One of the images that aids me in understanding Buddhism originates from the earlier tradition of the Vedas and Hinduism.
In these traditions, the cosmos is imagined as a net woven by the deity Shakra or Indra.
It’s infinite and spreads in all directions, and at each node, there’s a jewel or dewdrop. Upon which is reflected every other jewel. Don’t think of each dewdrop or jewels as a separate existence. But instead, each drop only exists as the sum reflections of all the other dewdrops or jewels.
It’s an image of interconnectedness, where everything is related to every other thing. It’s also an image in flux: reality then always becoming. (Buddhism calls this Anicca: Impermanence)
Further insights can be drawn from the net. As every node is always connected, it has no intrinsic existence, no fixed ‘self’ or essence to anything. (Anatman: Non Self)
Since each jewel of Indra’s Net includes the reflections of all the other jewels: each part is contingent and dependent on other factors.
It conveys the interdependent manifestation of existence where every member is both apart and the whole. Therefore, every member is both a cause and effect because everything affects every other thing, directly or indirectly.
It is a recognition that there is one indivisible whole, a unity that is reality.
An important point is the jewels can refer to anything: objects in our sight, sounds, thoughts, colours, feelings, all manifestations. None of them exists independently.
In Buddhism, reality is a universe with no boundaries but a self-creating, self-maintaining and self-defining organism. There’s no hierarchy, no above or below, up-down, better or worse, right or wrong.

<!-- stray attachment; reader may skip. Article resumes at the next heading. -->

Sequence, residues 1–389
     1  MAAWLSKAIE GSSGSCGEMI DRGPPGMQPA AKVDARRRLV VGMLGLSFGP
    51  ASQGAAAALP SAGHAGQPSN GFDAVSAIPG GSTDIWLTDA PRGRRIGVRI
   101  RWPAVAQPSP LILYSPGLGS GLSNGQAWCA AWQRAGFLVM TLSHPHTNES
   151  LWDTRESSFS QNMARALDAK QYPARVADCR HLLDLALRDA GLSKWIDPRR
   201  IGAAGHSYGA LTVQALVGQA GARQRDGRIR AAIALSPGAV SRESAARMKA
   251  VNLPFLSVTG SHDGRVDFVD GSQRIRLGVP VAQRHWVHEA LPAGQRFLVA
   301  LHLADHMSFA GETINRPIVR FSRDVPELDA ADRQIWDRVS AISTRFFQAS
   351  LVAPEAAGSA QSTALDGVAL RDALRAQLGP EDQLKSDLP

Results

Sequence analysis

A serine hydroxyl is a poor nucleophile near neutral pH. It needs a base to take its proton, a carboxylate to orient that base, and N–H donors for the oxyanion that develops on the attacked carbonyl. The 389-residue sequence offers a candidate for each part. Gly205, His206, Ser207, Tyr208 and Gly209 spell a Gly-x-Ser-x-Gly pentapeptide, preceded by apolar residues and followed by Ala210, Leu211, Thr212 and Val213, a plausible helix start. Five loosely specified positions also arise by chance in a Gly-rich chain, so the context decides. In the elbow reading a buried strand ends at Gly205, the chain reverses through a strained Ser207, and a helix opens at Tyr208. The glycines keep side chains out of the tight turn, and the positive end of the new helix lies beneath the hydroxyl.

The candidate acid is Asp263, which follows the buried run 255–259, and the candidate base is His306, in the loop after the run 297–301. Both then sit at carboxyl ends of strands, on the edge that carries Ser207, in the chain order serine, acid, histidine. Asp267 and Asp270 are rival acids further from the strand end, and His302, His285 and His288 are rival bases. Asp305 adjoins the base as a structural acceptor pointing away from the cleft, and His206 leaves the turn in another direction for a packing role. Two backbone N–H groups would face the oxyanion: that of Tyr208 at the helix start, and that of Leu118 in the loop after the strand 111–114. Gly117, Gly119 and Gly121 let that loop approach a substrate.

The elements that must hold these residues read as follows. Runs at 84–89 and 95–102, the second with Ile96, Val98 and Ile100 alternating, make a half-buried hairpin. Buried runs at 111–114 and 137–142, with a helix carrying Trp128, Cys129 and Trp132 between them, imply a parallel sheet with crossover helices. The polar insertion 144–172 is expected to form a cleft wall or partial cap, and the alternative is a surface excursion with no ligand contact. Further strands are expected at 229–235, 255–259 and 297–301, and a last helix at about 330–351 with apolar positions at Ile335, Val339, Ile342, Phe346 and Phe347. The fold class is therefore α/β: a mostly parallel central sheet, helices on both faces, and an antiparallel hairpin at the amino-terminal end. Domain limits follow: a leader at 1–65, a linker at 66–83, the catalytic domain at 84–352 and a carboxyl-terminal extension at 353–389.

Confusion arises because our trained minds accepts reality as separate objects. Hence we fall into the traps of illusion and paradox. Such problems exist only with a mind insecure enough to avoid ambiguity and uncertainty. The all-encompassing reality that’s going about its own business doesn’t care.
The Abrahamic religions posit the existence of a separate God, one set of moral rules or laws; in Buddhism, there’s no need for a God.
This image also reflects upon our ethics. The Western idea of a soul is not found in this cosmology. Who and what people are changes with the circumstances. Searching for oneself will always be an exercise in frustration. The same goes with self-improvement; what self are you improving?
Instead, recognise you’re part of the whole, as it’s put sometimes ‘tat tvam asi’ (‘thou art that’), you are the cosmos. Our fears, hopes, and worries stem from the illusory feeling of disconnection; our mind creates separation. It fosters our insecurity, which we then cast out into the worlds spreading the suffering around.
The imagery informs us there’s no absolute certainty to be found, no fixed foundation to reality. It undermines concepts of fixed essences and truths.
The idea of an interconnected web has spread across the world. Similar pictures are found in complexity theory and self-organising systems. Further in mathematics and fractal geometry, biological ecosystems, climate models, social dynamics, and crowd behaviour.
It’s also an understanding that we need to treat this world, not as the backdrop of our lives but as intimately linked to humanity. Pollution, Climate change, plastics, pollution are therefore symptoms of when we deny this interconnectedness.
The imagery of Indra’s net is one where we are all connected, and all depend on each other.